With no support measures announced for the established housing sector in the federal budget, the Real Estate Institute of Queensland (REIQ) believes support measures must go further than construction and new housing to ensure the long-term stability of Queensland’s property market.
According to REIQ chief executive Antonia Mercorella, extending the First Home Loan Deposit scheme is a welcome initiative, but limiting first home buyers to new construction is a “short-term sugar hit” that’s only supporting a portion of the property market.
In the original scheme, first home buyers are enabled to purchase property with as little as 5 per cent deposit and no need for lenders mortgage insurance, including established residential dwellings.
“This helped remove entry barriers for more first-home buyers by exposing them to a wider range of affordable price points, particularly for many young families for whom new construction may not be feasible,” Ms Mercorella highlighted.
Data from the Australian Bureau of Statistics showed that the cost of new construction has increased by a staggering 220.3 per cent between 1995 and 2018, while established housing has risen at an average of 113.95 per cent for the same period, with annual price inflation ranging from 4.5 per cent in the early 1990s through to 2.5 per cent over the last decade.
With Customer Price Index (CPI) growing by 69.9 per cent and mean gross household income increasing by only 64.7 per cent over the same two-decade period, a potential housing affordability issue is facing many first home buyers across regional parts of Queensland, particularly without an extension to the HomeBuilder scheme or other incentives.
For one, builders won’t be able to keep up with the demand from existing applicants, particularly in South-East Queensland, since every HomeBuilder-approved sale needs to be contracted, with council approval and finance in place by 31 December and construction work commencing by 31 March next year.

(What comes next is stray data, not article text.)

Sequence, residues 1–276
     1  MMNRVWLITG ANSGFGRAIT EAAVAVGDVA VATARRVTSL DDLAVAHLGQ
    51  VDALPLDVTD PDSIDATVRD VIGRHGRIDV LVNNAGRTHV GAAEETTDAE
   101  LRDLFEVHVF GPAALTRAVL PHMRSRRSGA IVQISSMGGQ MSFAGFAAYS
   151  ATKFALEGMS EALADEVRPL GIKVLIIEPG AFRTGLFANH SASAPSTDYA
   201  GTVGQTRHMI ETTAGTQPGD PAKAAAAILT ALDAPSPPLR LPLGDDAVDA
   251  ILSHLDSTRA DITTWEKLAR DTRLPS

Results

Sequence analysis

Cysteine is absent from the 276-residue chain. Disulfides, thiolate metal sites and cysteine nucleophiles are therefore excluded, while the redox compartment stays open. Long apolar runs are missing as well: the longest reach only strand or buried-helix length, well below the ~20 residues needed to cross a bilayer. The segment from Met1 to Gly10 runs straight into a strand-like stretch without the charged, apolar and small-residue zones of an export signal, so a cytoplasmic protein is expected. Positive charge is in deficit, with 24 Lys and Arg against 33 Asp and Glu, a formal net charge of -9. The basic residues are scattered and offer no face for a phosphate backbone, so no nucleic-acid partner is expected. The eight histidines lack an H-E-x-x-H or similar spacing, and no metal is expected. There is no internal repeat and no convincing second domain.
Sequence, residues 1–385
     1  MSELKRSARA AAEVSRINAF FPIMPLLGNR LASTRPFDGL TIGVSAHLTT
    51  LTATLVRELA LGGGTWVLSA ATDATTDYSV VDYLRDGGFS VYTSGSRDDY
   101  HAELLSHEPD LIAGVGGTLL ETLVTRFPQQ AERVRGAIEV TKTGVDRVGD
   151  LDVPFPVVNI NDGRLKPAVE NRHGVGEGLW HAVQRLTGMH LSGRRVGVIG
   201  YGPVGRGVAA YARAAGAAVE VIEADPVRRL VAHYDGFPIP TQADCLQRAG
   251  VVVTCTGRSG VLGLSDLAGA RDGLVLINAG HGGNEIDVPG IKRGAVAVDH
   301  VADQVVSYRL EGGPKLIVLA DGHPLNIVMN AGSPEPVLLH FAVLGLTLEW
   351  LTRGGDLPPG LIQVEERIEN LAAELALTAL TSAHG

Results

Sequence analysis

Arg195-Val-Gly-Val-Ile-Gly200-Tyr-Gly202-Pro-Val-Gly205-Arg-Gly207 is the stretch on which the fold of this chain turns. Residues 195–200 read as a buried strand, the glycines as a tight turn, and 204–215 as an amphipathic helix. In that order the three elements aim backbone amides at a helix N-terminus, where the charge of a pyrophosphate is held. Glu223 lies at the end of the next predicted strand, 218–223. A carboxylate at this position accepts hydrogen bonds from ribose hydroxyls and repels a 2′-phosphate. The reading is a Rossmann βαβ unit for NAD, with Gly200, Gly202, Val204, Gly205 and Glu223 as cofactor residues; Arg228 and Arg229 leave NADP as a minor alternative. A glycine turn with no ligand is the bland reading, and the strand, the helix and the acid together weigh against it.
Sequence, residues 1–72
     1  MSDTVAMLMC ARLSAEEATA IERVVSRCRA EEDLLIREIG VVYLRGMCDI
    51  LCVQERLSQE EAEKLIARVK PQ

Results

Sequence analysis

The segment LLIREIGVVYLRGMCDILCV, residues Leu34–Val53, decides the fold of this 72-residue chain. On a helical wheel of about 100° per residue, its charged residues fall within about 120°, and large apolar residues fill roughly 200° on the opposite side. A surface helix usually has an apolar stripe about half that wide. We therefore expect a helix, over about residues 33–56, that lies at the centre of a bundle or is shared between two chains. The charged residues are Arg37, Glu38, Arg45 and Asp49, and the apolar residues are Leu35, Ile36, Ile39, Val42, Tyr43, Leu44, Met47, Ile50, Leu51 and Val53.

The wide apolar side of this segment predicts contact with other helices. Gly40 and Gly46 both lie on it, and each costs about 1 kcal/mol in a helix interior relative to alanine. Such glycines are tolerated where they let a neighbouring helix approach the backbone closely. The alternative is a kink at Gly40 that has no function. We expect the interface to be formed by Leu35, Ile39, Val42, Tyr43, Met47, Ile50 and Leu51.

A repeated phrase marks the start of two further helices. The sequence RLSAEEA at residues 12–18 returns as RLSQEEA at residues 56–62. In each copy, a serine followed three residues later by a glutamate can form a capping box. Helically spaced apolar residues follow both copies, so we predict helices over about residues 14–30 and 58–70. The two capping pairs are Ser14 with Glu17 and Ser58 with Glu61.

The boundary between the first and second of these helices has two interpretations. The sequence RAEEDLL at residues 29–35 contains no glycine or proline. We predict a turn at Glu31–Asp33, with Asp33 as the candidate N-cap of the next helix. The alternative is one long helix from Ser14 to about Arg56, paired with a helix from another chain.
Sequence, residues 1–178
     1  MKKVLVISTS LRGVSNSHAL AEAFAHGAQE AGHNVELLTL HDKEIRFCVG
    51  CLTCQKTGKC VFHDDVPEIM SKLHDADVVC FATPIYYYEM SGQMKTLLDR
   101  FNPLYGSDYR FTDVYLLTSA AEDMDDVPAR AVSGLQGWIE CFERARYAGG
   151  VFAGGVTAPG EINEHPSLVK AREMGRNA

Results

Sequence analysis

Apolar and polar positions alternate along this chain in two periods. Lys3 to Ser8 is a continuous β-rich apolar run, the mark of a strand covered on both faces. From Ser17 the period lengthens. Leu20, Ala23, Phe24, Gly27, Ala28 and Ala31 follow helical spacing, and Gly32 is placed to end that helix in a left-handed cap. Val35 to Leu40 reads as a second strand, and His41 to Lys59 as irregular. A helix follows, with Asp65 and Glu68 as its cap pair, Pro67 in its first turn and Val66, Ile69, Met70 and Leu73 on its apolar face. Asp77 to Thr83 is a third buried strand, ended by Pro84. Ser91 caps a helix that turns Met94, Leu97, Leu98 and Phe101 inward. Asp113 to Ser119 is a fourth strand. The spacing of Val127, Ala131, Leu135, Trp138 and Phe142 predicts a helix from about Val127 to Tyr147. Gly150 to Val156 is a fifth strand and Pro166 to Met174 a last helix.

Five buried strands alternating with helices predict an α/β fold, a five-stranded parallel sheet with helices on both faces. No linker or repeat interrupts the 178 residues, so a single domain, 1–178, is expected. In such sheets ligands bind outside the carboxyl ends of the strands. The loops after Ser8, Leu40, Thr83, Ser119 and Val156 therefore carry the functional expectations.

“As a result, building costs are rising – and that shouldn’t be happening in this environment,” she said.
Despite relatively stable market conditions, low interest rates and high levels of demand, Ms Mercorella believes that the government can do more to sustain new residential construction, including addressing the burgeoning buyer demand for established housing.
According to her, stimulus measures for the property market must support the entire real estate industry and benefit all Queensland residents by providing access and choice across the established housing market just as well as in the new homes market.
“By doing so, it will help drive consumer confidence upward, accelerate our economy and increase the labour market across both construction and real estate, which are two of Queensland’s largest industry employers,” she said.
Without comprehensive stimulus measures that extend to established housing, Ms Mercorella expects more artificial price hikes in the future, making it increasingly difficult for many buyers to purchase property.
Further, high unemployment, a pause in immigration, rent reductions and mortgage deferrals all still pose threats to property prices in the short- to medium-term, according to her.
While dire predictions of a dramatic plunge in housing values have so far failed to materialise, it doesn’t discount the fact that the property market needs further protection.
“With established home sales outpacing new listings, buyers are back out in force and ready to purchase property. However, sellers are really yet to follow,” she said.
“Property sales plummeted as physical distancing restrictions forced a temporary halt on open homes and on-site auctions. We’ve done remarkably well to maintain relatively stable property market conditions across Queensland throughout this pandemic, but these conditions won’t last if we don’t have more sellers back in the market and the best way to do this is via rightsizing.”
According to an analysis commissioned by the state Treasury, as many as 50,000 properties are under-utilised every year across Queensland, with most of them attributed to “aging in place” and high transactional costs.
More often than not, retirees who plan to sell the family home and buy a smaller home are thwarted by the distorting effects of stamp duty alongside other costs associated with buying and selling, Ms Mercorella said.
“Nowhere is real estate more fundamental to the health of an economy than in Australia, which is why the Queensland Government needs to replace stamp duty with a broad-based land tax, with immediate transfer exemptions for those aged over 65 years,” she concluded.
“This would make downsizing an easier financial decision for older Queenslanders, significantly increase stock listings and generate much-needed economic activity. It’s a win-win-win all around.”